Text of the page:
HH: You’re right about that. So Erwin, when we went to break, we were talking about how this is going to turn out. We’ve got a short segment here. Just handicap the Court for us, between a restricted decision and an expansive 2nd Amendment rights decision, how do you see the Court breaking down?

EC: I don’t think that we can predict here. I mean, we can obviously project what we want the Court to do, because when we predict for you, what we’re doing is looking at their past opinions, and assuming they’re going to carry over into the future. There aren’t past opinions here. There is an opinion by Justice Thomas, where it was a concurring opinion, when he gave a strong sense that he will take the position that John was articulating, the individual rights position. But the other justices haven’t yet spoken on this question. And there’s all sorts of complexities here. For example, will some of the more conservative justices take a judicial restraint position, saying we should defer to government, and we should follow precedent? Might some of the liberal justices be persuaded by some of the individual rights scholarship on this subject? I think this is an impossible one to even guess. We could certainly say what we want to see happen, but I don’t think we can really predict.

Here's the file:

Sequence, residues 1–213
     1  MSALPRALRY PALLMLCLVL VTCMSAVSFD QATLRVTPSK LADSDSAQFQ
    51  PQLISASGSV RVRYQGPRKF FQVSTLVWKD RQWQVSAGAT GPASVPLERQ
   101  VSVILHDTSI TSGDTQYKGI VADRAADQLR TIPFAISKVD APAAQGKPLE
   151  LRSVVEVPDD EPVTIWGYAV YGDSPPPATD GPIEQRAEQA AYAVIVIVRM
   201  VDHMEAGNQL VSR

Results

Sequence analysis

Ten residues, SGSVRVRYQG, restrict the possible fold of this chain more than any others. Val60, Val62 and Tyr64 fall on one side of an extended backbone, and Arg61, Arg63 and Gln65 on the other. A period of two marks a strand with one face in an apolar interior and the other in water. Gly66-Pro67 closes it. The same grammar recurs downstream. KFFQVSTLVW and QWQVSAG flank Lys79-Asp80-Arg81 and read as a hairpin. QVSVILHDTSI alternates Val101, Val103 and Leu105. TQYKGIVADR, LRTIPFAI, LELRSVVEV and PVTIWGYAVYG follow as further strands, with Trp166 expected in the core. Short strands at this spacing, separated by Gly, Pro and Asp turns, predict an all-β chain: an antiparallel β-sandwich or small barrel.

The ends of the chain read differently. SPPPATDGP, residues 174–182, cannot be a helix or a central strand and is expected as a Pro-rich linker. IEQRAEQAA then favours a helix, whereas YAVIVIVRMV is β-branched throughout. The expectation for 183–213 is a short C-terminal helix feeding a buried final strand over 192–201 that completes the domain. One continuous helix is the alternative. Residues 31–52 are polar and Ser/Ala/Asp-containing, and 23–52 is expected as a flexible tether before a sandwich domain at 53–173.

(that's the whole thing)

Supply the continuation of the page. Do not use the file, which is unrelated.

HH: John Eastman?

JE: You know, I agree with part of that, but we do have a tea leaf here that’s important. And that is the Court did something that it doesn’t do very often, and that is it rewrote the question that was presented in the cert petition. And they rewrote the question this way, whether the three provisions of the D.C., District of Columbia code that we spoke about earlier, violate the 2nd Amendment right of individuals who are not affiliated with any state regulated militia, but who wish to keep handguns and other firearms for private use in their home. That seems to presuppose that there is an individual right. Now, we’re going to find out the length to which government can restrict it. Now maybe I’m reading too much into that, but that’s a rather extraordinary restatement of the question as it was presented.

HH: And what’s that tell you?

JE: I think it tells me that there are, that there’s a majority of the Court that accepts the notion that this is an individual right. And where the dispute is going to be is how much it can be regulated, how strong a right is. Does it rise to the level of fundamental right, where it can be regulated only subject to strict scrutiny, or is it going to be something less than that, where reasonable regulations will be upheld.

HH: Okay, last question, gentlemen, if you file an amicus here, what are you going to be arguing, Erwin Chemerinsky?

EC: I am going to be filing an amicus brief. I’ve already agreed, and what I am going to be arguing is that even if it’s an individual right, it should be treated the same as any other property right. Reasonable should be enough. I also want to say it’s interesting how John read the rephrasing the question to support his view. I read it as wow, what they’re saying here is do individuals have a right apart from militia service at all, and I read it as a very favorable phrasing for my side.